Edited by Dimension10

Share this post


Link to post
Share on other sites
int main()
{
	// Establish Arduino as a color controller on COM7.

	cColorController *Arduino;				
	Arduino = new cColorController("COM7");
	Arduino->setAdjust(	1,		//Red Multiplier
				0.8,		//Green Multiplier
				0.4,		//Blue Multiplier
				2.0		//Gamma
				);			

	// Create a Device Context handle to grab some pixels.

	HDC hdcScreen = GetDC(NULL);
	COLORREF CurrentColor;
	SetStretchBltMode(hdcScreen,HALFTONE);
	SetBrushOrgEx(hdcScreen, 0, 0, NULL);
	int ScreenWPix = GetDeviceCaps(hdcScreen,HORZRES);
	int ScreenHPix = GetDeviceCaps(hdcScreen,VERTRES);

	// Create a Buffer device to send data to. Todo: Buffer not working.
	HDC hdcBuffer = CreateCompatibleDC(NULL);
	BITMAPINFO hdcInfo;
	ZeroMemory( &hdcInfo.bmiHeader , sizeof(BITMAPINFOHEADER));
	hdcInfo.bmiHeader.biBitCount	= 24;
	hdcInfo.bmiHeader.biPlanes	=  1;
	hdcInfo.bmiHeader.biHeight	=  1;
	hdcInfo.bmiHeader.biWidth	=  1;
	hdcInfo.bmiHeader.biSizeImage   =  0;
	hdcInfo.bmiHeader.biSize	= sizeof(BITMAPINFOHEADER);
	hdcInfo.bmiHeader.biClrUsed	=  0;
	hdcInfo.bmiHeader.biClrImportant=  0;
	VOID *pvBits;
	HBITMAP bmpBuffer = CreateDIBSection(hdcBuffer,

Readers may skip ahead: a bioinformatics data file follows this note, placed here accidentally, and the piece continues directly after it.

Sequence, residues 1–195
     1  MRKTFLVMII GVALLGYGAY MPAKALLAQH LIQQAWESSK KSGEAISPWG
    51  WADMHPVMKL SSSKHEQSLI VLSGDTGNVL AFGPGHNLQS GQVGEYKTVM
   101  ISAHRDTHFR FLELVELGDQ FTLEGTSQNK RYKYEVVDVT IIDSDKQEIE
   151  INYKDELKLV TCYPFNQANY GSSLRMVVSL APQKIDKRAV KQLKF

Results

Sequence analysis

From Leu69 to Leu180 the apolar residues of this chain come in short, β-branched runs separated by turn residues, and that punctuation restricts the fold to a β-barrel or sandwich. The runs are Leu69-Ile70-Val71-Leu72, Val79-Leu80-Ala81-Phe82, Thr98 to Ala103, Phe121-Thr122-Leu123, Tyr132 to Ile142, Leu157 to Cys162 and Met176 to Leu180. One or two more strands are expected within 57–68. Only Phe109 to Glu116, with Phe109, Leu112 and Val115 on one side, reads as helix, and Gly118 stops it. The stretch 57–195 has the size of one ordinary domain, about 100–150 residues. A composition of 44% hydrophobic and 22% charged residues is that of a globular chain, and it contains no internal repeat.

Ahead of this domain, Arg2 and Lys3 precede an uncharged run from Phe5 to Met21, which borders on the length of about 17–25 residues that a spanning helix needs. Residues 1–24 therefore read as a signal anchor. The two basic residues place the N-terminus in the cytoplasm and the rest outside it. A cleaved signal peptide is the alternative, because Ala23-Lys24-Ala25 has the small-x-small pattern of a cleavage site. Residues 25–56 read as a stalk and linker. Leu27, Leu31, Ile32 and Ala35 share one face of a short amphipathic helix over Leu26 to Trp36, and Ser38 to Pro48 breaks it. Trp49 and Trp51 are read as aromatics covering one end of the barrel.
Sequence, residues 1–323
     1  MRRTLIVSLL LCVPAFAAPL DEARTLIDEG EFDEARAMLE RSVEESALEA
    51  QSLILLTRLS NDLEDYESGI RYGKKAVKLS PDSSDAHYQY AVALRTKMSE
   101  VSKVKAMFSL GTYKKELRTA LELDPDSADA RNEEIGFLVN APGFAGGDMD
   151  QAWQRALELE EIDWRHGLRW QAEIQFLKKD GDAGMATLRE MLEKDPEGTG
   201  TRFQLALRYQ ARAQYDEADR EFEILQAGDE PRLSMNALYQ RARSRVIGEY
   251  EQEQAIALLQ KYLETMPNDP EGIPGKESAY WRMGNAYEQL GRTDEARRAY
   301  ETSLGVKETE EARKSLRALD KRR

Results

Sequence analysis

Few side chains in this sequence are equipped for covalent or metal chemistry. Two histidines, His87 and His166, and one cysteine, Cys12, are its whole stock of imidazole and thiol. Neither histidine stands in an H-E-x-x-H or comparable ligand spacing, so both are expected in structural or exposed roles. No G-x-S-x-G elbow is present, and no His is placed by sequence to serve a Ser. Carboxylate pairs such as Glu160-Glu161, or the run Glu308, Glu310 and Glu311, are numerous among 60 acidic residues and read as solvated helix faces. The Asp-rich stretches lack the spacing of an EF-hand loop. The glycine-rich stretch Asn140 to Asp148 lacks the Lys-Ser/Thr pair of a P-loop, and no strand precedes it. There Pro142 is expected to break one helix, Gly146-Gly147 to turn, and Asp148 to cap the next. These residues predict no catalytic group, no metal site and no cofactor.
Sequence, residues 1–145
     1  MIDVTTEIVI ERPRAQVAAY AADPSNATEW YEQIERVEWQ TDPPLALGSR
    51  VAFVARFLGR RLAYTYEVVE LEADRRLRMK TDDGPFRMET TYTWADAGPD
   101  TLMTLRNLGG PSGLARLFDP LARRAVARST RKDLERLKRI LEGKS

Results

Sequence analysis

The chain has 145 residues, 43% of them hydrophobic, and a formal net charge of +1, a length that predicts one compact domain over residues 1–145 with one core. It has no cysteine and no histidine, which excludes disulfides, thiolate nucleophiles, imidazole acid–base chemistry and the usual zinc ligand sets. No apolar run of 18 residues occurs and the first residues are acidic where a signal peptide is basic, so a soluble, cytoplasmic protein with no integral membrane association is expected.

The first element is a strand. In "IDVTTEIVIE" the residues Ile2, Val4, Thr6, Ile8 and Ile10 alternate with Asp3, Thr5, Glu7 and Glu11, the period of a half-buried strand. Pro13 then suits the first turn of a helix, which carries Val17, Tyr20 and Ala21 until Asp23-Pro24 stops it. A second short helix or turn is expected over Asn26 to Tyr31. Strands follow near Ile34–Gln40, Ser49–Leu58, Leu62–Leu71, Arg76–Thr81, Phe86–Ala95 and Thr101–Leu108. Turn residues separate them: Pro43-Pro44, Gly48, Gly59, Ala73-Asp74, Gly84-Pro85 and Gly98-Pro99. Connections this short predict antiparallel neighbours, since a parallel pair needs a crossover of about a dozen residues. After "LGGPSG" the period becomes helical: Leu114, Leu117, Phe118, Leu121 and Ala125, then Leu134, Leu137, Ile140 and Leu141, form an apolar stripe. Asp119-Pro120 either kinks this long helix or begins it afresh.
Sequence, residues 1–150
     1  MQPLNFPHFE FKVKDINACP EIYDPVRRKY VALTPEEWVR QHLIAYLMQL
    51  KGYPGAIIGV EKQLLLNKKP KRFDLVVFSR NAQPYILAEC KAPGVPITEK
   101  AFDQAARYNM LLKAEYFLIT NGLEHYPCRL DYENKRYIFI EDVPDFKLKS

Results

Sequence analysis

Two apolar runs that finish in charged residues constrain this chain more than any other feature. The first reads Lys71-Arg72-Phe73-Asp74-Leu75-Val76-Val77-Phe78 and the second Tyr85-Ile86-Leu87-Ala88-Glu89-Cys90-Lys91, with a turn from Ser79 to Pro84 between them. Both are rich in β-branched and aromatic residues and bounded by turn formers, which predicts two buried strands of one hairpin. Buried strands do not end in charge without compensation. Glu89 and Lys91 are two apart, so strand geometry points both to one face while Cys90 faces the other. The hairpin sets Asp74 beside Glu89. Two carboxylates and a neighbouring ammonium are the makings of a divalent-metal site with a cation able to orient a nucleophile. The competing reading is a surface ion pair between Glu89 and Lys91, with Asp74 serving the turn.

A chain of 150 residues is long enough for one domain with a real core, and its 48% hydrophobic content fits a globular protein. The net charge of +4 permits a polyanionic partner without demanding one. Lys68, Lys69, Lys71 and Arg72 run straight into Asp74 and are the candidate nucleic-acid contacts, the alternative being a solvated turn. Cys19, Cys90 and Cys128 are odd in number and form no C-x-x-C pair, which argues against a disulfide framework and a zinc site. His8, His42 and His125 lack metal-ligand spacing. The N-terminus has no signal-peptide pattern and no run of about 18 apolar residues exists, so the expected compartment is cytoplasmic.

&hdcInfo,
					DIB_RGB_COLORS,
					&pvBits,
					NULL,
					0);
	
	SelectObject(hdcBuffer, bmpBuffer);
	

	



	while(1)
	{
		//Stretch the screen down to a single pixel.
		StretchBlt(hdcScreen, 0, 0, 1, 1,
			hdcScreen, 0, 0, ScreenWPix, ScreenHPix,
			SRCCOPY);
		//Get this pixel's color, rather than call GetPixel for r, g, and b.
		CurrentColor = GetPixel(hdcScreen, 0, 0);

		Arduino->setColor(GetRValue(CurrentColor), //Send this color to the Arduino
				GetGValue(CurrentColor),
				GetBValue(CurrentColor)); //Todo: Have Arduino read COLORREF


		//Sleep(16);
	}


	ReleaseDC(NULL, hdcScreen);
	return 1;
}

Share this post


Link to post
Share on other sites

The fastest possible way to get a working average screen colour is:

 

 - Create a render target texture with mipmap autogeneration do this once only).

 - Read the screen contents into the texture.

 - Let mipmaps autogenerate (you shouldn't have to do anything for this; it just happens).

 - Sample from the smallest (1x1) miplevel (copy this off to another texture if you need to, since you may not be able to read back from a mipmap-autogen texture).

 

All of this should run on the GPU, with the exception of the readback from the 1x1 miplevel to CPU-side, and is capable of running at several hundred FPS on reasonable hardware.  The readback will actually be your primary bottleneck even though it's just a single pixel, owing to the required CPU/GPU synchronization.

Share this post


Link to post
Share on other sites

That's a good idea, perfect for my usage. though I worry about initializing devices and windows. How much initialization is generally required before I can create a texture and sample it down to 1 pixel?

Share this post


Link to post
Share on other sites
Sign in to follow this  

  • Advertisement